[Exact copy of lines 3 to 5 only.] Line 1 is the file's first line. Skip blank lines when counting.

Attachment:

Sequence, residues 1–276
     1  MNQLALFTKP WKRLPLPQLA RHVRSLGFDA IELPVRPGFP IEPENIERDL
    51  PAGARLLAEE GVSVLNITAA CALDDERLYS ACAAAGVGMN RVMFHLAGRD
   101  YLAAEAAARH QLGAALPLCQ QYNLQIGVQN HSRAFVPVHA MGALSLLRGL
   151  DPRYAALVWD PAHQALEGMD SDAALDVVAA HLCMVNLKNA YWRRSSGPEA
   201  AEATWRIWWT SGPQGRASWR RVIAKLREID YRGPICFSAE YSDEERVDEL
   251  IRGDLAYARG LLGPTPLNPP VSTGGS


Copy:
    51  PAGARLLAEE GVSVLNITAA CALDDERLYS ACAAAGVGMN RVMFHLAGRD
   101  YLAAEAAARH QLGAALPLCQ QYNLQIGVQN HSRAFVPVHA MGALSLLRGL
   151  DPRYAALVWD PAHQALEGMD SDAALDVVAA HLCMVNLKNA YWRRSSGPEA